# Q&A: Electric Airplanes

Question: I was out on my deck yesterday and saw this small airplane approaching maybe 1000 feet up. It seemed really quiet, and when it went past me I could tell for sure it wasn’t using a regular airplane engine. All I can think is it must have been an electric airplane. We have electric scooters and bikes and cars, so why don’t we have more electric airplanes? They say electric power is cleaner than burning gasoline, and airplanes use a huge amount of fuel.  — BR, Dinuba, CA

Answer: You’re correct about the emissions from aircraft engines. In 2018, airlines around the world carried 4.4 billion passengers and accounted for 2% of the total 35 billion metric tonnes of CO2 from all human activities. So there is serious interest in electric aircraft, but it’s a tough engineering problem.

Nonetheless, there’s actually dozens of electric aircraft on the market today, even if you don’t count drones. If you follow that link you’ll see they’re all in the light aircraft or experimental aircraft categories. And all are optimized for the lowest possible weight.

But I suspect you were asking about larger aircraft, like long-haul cargo and passenger planes. The engineering hurdle in that case is what’s called energy density: How much energy can be crammed into a given amount of space and/or weight, as measured in J/kg (joules per kilogram) or J/m3 (joules per cubic meter). To put things in perspective, one joule is a measure of energy about equal to that released by striking a single match.

Let’s examine the energy needs of a typical Boeing 747 passenger liner on a transcontinental flight. The amount of fuel needed on a fully-loaded flight is around 183,000 liters (183 m3). When combusted, that fuel releases a total of 5.2 TJ (terajoules = 1012 joules) of energy. The red “FUEL” cube in the graphic shows how much space that fuel takes up compared to the size of the aircraft. Most of that fuel is stored in the main wings. This graphic is approximately to scale.

Electric batteries are getting better all the time thanks to research in the automotive and renewable energy sectors, but they still can’t compete with the energy density of liquid fuels. If we use the best battery technology currently available (cobalt lithium-ion), to get that same 5.2 TJ of energy, we’d need a battery bank with a size of 5000 m3 and a weight of 9800 tons. The green cube in the graphic shows the size of that battery to scale. Obviously, there’s no way it could fit into the aircraft.

Weight is also a problem. Even if we use the “heavy lift” Boeing Dreamlifter 747-400 the maximum payload is 125 tons. No way it could carry that battery, even if it did fit inside. At present, barring some breakthrough in battery energy density, the only truly “green” alternative for large aircraft is powering them with hydrogen — this combustible gas could be used in existing turbine engines with a few modifications, and the exhaust would be pure water vapor.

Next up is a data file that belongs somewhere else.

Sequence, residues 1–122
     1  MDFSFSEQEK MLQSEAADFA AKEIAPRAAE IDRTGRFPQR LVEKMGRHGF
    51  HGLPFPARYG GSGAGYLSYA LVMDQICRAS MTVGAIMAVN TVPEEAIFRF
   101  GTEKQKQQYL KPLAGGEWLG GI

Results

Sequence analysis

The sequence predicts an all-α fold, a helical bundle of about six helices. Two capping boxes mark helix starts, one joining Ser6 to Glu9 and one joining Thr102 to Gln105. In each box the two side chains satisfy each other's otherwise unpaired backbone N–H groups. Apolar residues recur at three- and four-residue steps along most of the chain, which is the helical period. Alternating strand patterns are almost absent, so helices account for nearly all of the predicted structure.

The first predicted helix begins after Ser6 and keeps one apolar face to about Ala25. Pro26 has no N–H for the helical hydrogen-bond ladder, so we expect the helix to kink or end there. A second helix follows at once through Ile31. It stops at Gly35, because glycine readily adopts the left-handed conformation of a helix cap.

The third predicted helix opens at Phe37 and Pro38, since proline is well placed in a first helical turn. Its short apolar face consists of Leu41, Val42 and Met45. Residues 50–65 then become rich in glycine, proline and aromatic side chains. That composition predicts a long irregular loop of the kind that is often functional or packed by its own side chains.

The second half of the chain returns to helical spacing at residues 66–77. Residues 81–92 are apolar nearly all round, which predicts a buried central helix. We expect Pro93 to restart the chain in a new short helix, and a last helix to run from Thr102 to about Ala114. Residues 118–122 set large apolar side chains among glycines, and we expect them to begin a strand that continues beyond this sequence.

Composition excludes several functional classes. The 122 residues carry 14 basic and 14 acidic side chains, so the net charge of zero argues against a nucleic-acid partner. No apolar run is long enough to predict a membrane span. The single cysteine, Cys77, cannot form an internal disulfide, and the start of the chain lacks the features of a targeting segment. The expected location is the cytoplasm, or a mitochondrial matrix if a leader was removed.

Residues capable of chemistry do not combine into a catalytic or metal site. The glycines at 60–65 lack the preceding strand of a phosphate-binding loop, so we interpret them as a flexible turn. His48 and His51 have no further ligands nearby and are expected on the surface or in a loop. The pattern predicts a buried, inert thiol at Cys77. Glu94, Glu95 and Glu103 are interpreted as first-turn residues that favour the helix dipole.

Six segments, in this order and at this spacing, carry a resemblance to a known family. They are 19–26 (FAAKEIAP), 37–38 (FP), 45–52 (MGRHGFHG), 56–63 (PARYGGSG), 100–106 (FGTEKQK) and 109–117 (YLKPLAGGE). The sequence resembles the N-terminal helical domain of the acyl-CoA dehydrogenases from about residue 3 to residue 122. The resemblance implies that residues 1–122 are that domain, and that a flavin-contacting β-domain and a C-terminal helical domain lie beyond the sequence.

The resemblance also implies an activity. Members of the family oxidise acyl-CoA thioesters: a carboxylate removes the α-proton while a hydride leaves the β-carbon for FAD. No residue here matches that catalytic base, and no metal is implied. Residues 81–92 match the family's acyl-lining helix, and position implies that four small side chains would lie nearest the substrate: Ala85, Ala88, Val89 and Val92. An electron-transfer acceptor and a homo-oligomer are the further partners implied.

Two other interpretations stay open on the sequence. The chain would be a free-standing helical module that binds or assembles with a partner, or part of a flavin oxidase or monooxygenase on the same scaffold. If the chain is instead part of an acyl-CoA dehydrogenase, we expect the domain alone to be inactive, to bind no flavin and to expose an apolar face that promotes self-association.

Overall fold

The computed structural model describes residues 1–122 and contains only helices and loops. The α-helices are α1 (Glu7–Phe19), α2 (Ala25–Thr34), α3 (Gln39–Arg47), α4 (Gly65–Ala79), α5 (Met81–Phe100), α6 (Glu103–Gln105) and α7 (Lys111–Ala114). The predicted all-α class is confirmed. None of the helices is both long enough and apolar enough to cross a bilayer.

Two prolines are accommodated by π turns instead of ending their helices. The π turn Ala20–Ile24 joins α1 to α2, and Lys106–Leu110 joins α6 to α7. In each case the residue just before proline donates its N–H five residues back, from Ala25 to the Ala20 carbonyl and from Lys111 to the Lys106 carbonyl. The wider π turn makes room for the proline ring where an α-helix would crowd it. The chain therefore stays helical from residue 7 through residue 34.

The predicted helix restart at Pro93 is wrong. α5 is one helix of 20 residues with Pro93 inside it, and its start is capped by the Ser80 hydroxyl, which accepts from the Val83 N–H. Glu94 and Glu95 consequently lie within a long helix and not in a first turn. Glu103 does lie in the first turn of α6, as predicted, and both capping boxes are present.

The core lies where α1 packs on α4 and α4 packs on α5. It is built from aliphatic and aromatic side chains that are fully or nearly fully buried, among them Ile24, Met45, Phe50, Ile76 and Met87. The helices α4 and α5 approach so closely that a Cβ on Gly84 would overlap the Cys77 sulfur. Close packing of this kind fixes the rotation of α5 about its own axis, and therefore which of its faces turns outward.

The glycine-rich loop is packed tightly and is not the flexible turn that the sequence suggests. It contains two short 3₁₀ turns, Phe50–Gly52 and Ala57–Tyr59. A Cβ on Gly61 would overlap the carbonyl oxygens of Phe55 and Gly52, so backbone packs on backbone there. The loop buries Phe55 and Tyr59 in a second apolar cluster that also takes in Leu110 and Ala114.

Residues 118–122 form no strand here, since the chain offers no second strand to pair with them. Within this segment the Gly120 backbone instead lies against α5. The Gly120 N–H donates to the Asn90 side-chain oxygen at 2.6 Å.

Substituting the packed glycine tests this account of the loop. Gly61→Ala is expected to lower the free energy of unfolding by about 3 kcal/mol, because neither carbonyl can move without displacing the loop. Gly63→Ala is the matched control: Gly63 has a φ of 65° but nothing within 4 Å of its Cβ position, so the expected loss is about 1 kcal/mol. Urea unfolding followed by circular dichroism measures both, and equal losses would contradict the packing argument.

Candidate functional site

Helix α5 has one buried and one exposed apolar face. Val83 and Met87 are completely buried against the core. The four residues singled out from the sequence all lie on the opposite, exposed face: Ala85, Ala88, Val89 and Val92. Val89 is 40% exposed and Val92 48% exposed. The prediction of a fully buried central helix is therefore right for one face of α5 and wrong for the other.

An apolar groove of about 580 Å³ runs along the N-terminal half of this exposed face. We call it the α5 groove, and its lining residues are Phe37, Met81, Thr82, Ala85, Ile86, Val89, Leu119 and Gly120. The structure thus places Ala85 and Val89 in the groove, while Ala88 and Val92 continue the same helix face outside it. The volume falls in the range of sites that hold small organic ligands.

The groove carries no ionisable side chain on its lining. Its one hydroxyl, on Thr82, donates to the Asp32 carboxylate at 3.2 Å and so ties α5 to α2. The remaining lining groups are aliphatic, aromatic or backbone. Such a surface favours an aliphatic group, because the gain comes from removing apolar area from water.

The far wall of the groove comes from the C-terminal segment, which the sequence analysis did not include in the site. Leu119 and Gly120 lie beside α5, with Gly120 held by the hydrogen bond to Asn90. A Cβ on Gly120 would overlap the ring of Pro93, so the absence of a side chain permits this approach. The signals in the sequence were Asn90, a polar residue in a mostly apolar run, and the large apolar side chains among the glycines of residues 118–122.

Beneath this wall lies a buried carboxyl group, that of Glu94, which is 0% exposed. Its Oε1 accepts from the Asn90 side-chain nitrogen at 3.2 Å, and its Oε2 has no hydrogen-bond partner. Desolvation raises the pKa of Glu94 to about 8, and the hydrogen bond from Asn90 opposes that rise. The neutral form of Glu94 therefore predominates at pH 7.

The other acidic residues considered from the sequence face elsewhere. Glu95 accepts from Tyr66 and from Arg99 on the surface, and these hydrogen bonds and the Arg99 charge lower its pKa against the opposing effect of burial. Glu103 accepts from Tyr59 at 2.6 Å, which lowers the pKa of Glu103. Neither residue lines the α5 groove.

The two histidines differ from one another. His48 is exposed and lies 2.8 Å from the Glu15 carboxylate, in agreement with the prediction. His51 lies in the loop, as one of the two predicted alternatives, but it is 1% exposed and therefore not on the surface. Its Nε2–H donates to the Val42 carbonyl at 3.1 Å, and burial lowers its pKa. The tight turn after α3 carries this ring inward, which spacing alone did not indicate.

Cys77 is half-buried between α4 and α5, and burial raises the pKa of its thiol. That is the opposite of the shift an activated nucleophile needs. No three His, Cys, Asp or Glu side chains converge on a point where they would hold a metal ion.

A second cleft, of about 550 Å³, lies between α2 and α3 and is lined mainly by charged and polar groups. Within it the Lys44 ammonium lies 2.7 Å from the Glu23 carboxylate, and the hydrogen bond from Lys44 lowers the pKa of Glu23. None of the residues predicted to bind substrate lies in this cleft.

Energy cost is yet another issue. At the current average price of \$0.50/liter, 183,000 liters of jet fuel runs around \$91,500 per fill-up. At the current average electricity cost of \$0.12/kwh, a 5.2 TJ full charge will run you \$180,000. Granted, large users like electric airports would likely get a discount from the local utility. They also have the option of building their own solar energy farms to charge the aircraft with free sunlight — most airports have acres of unused real estate. Alas, the cost of the batteries themselves is still prohibitive. The going rate for Li-ion batteries is around \$176 per kwh capacity, so a 5.2 TJ battery (uncharged) would set you back \$264 million. The Boeing 747 sells for around \$360 million.

Disclaimer: This was a fun analysis, but comparing batteries to jet fuel is like comparing the proverbial “apples and oranges”. Jet fuel is burned in turbines, the most efficient combustion engines available, converting over 70% of fuel energy into motion. An electric aircraft uses batteries to power electric motors to spin propellers. Propeller-driven aircraft are fairly efficient in their normal realm of operation, but performance drops at the speeds and altitudes accessible to jets. And of note, it is aerodynamically impossible for propeller-driven aircraft to achieve speeds greater than Mach 1.

The numbers used in this analysis are all rough approximations, but you can see the problems involved with transforming the entire aviation industry to electric propulsion. If you want the cruising range and speed of commercial airliners, or the performance of military fighters, electric batteries just aren’t up to the challenge. That may change in the future, but for now, highly refined jet fuel is about all we have.

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